Last week Monday (June 10), roughly six weeks after the release of the Open Letter accusing Pope Francis of “the canonical delict of heresy,” a new document appeared on the scene. Entitled a “Declaration of the truths relating to some of the most common errors in the life of the Church of our time,” the eight-page text offers a list of 40 propositions (arranged under four subject headings) which are intended to reaffirm basic Catholic doctrine while refuting a myriad of “common errors,” as the document’s lengthy title implies.
The Declaration itself is accompanied by a two-page explanatory note by which the group of five episcopal signatories — among them, Cardinal Raymond Burke and Bishop Athanasius Schneider — explain their reasons for publishing the text and what they hope their initiative will accomplish.
“In our time,” they begin, “the Church is experiencing one of the greatest spiritual epidemics, that is, an almost universal doctrinal confusion and disorientation, which is a seriously contagious danger for spiritual health and eternal salvation for many souls. At the same time one has to recognize a widespread lethargy in the exercise of the Magisterium on different levels of the Church’s hierarchy in our days.”
Hence, cognizant of their “grave responsibility as Catholic bishops” and “[i]n the spirit of fraternal charity,” the signatories offer their “Declaration of truths as a concrete spiritual help, so that bishops, priests, parishes, religious convents, lay faithful associations, and private persons as well might have the opportunity to confess either privately or publicly those truths that in our days are mostly denied or disfigured.”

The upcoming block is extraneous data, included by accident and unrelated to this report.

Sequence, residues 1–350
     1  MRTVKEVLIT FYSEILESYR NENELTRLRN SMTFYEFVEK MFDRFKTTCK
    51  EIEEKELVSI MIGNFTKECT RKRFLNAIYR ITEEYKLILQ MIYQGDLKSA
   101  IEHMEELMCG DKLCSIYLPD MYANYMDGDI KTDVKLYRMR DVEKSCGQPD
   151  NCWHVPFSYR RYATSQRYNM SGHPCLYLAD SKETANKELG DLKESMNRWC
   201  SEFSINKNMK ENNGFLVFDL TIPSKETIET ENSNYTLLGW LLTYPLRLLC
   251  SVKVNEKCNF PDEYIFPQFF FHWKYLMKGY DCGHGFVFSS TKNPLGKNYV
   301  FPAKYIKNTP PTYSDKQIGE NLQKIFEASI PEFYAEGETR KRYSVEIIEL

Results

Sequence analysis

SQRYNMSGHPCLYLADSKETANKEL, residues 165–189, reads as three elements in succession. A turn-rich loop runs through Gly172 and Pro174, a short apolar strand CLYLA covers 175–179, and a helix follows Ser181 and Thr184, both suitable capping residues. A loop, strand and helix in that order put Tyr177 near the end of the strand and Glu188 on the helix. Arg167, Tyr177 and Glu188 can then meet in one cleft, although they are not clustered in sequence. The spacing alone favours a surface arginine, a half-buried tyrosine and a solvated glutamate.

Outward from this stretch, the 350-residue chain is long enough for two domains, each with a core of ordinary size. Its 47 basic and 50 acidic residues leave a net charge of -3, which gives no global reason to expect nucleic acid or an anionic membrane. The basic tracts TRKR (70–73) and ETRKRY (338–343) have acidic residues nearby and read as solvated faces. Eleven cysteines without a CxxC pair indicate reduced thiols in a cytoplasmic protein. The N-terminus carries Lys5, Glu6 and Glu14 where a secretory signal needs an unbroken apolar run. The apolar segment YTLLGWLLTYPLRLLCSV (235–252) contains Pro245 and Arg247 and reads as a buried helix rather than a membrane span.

This is no doubt a noble intention, and one that is clearly lacking in the majority of the Church’s hierarchy (most notably, the current Roman Pontiff). However, as we shall see, this new Declaration, despite its generally orthodox contents and the good will of its signers, is deficient in a couple of key ways: (1) It fails to identify the roots of the “common errors” it opposes; and (2) it fails to answer the urgent appeal found in the aforementioned Open Letter, namely, for the world’s bishops “publicly to admonish Pope Francis to abjure the heresies that he has professed.”
Unintended Indictment of Vatican II
Those who have read the Declaration and its explanatory note know that the signatories quote from a variety of ecclesiastical sources, both pre- and post-Conciliar, as a means of bolstering their points. According to this author’s count, the Council of Trent (1545-1563) is referenced eight times throughout the Declaration (nine, if one includes the single “Roman Catechism of the Council of Trent” citation), while Pope John Paul II’s (r. 1978-2005) name appears 11 times in connection with several documents from his pontificate (e.g. Veritatis Splendor, Evangelium Vitae, Familiaris Consortio). Pope Paul VI (r. 1963-1978), in turn, is the third-most quoted source with five citations total (e.g. Credo of the People of God, Humanae Vitae).